While that may not seem like much you need to think about this when added to all the other SaaS products you will need. Your word processing program, your financial software, your antivirus, your photo editing software and on and on and on. It will be easy for those monthly little charges to add up to a big monthly charge without you even realizing it.
On the positive side, generally speaking fixes for errors in the software will be easy and fast to fix as they can find the problem with the first customer that calls and then push that fix out to everyone else. All the other users will never need to know there was even a problem. This also works for any security issues found as they can be fixed and delivered to customers almost immediately.
The same holds true for new features. Since we already talked about Adobe’s Photoshop let’s look at how new features can be important to that genre of software. One of the problems with photo editing programs is that they need to be updated when new cameras come out that store files in formats that the previous versions of the software can not read. Now it is very possible that support will be added in for that new camera before you can get one delivered to your house.
Another potential downside is when the software is updated if the user interface or feature set is changed it could reduce productivity and increase training and support costs. For example a very nice woman I was helping the other day with her first smartphone, and iPhone, was having a difficult time figuring out how to use it because some things had changed since the manual was released.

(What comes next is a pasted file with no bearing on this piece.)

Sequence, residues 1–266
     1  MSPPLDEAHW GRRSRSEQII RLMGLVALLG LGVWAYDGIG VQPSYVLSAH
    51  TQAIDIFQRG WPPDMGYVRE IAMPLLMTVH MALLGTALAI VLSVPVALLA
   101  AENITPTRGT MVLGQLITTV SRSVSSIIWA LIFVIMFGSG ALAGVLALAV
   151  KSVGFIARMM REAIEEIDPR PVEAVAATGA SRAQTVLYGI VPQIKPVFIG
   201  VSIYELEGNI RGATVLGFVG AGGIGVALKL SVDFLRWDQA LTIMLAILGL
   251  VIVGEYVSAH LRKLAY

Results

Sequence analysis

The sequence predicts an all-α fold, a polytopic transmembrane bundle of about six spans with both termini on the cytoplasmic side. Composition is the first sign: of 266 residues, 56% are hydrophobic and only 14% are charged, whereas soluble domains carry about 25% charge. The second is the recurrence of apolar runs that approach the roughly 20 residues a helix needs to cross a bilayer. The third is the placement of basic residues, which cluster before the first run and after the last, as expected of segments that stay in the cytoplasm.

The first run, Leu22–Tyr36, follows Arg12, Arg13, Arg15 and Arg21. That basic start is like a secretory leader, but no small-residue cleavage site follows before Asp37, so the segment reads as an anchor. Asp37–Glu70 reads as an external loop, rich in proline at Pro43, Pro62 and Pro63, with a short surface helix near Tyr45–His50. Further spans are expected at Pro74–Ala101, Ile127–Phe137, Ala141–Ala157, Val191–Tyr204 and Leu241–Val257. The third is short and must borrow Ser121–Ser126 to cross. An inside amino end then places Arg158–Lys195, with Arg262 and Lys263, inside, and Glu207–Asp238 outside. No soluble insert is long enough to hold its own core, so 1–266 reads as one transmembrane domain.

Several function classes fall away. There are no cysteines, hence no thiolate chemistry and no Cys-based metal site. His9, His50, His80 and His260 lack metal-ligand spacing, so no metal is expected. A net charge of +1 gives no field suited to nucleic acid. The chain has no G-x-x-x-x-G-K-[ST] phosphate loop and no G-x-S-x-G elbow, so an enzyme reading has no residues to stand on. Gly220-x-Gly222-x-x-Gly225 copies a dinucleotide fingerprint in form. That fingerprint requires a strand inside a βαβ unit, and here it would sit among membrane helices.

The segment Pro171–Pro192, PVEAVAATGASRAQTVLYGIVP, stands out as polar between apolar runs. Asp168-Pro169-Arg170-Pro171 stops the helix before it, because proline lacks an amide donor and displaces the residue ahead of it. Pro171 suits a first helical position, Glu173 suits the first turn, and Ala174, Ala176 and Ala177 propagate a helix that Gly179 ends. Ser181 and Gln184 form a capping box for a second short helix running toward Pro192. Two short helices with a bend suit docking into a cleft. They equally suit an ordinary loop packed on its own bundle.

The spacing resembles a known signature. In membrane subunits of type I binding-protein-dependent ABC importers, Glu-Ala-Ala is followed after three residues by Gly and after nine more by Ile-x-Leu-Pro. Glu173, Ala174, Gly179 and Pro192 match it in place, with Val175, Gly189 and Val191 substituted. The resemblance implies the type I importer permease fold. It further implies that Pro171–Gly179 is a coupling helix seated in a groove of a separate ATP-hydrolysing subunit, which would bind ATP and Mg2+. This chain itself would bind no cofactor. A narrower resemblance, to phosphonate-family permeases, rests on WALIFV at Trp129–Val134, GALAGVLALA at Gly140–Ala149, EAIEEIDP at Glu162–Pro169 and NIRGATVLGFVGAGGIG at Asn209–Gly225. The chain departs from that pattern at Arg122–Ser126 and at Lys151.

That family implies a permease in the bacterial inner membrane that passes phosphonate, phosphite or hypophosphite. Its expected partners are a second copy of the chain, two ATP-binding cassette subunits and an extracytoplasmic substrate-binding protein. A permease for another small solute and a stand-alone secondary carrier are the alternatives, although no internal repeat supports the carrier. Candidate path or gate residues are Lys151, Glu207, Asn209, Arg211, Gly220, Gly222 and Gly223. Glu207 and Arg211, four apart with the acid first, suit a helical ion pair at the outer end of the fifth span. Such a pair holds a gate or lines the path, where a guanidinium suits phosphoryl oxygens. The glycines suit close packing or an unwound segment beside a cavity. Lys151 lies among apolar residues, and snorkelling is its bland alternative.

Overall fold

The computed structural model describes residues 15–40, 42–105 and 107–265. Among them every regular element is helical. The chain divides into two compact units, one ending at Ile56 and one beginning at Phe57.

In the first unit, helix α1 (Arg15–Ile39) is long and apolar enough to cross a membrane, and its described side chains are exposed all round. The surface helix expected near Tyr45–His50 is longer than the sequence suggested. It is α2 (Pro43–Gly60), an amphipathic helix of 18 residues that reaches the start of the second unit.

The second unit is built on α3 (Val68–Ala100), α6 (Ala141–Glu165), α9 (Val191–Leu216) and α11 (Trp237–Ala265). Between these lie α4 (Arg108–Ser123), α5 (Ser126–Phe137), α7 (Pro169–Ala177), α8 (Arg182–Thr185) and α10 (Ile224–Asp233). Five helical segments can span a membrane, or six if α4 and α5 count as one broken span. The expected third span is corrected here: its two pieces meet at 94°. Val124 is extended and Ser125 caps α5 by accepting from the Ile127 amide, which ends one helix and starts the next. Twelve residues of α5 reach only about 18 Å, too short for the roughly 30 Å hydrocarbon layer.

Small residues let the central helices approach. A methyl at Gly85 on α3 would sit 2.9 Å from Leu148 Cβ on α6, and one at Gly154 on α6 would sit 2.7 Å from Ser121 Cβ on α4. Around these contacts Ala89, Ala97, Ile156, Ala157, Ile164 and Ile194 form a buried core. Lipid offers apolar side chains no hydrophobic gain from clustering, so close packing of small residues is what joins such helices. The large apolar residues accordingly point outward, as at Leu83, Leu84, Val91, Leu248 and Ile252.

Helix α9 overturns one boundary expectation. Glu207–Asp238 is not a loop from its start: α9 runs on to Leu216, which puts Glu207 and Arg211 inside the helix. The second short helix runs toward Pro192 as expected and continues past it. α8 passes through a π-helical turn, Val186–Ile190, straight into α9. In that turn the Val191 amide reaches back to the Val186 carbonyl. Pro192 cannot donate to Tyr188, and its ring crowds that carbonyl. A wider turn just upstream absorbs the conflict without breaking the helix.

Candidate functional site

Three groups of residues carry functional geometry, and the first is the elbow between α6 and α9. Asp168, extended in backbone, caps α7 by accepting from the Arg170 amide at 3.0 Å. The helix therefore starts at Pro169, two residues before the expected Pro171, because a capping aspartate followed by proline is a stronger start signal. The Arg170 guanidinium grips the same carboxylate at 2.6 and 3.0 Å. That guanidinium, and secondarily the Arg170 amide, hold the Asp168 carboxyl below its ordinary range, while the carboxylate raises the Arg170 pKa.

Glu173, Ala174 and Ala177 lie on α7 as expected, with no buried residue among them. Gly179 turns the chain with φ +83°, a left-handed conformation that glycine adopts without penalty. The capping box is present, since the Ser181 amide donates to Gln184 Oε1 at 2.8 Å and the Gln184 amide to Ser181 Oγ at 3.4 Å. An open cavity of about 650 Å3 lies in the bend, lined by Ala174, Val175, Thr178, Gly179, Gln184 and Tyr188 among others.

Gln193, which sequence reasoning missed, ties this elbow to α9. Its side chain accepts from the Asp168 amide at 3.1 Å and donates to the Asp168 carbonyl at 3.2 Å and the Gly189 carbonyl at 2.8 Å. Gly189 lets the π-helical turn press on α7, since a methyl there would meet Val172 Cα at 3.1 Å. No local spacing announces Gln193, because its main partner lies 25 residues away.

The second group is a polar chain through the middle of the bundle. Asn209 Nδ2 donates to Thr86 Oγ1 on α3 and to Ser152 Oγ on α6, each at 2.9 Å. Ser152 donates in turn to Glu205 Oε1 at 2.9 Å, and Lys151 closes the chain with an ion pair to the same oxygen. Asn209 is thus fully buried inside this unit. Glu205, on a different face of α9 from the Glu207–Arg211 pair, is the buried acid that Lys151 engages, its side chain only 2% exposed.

She also had to have someone help her because you have to sign up for an iTunes account in order to download the free manual for the phone. How exactly do you operate the phone well enough to sign up for an iTunes account when you have never used a smartphone before? Her first question when asked about an iTunes account was “what is iTunes?” She was new to the entire world of smartphones but the same can happen on a lesser scale when features are added, changed or removed.
Think of a productivity app like Everynote or OneNote that is used but a large company with hundreds of employees. If they can’t find the button they have been using for the last year they will be calling their technical support department which costs the company money and tons of lost time where the employees could have been productivity.
While currently you really only see SaaS being used with certain large software companies for certain applications it is quickly moving to other areas such as operating systems. Google’s ChromeOS for example uses a lot of the SaaS model both in the operating system that runs Chromebooks and in the applications that run on it. Microsoft is also pushing Windows to the SaaS model in that Windows 10 pretty much forces most users to automatically take updates. It is also widely believed that Windows 10 will be the last version of Windows and that everything will be built on top of it’s core as SaaS.
Smartphone apps are also becoming more SaaS than stand alone applications as they not only can automatically update but can require updates before allowing you to use them. A good example is a lot of the online games on devices today will stop you from playing once there is a new version released until you have updated. I have also seen this in applications as well. Even the operating system on some devices will either automatically update or bug you to death until you let it update (I am looking at my iPhone as I type that last part).
Love it or hate it, SaaS is only going to get more widespread. With the increase use of devices and the internet, and decrease in sales of desktop and laptop computers this will make a lot of sense. Devices can have new capabilities added without ever having to be physically changed or even tethered to anything other than power and wifi access. What an interesting time to be in technology.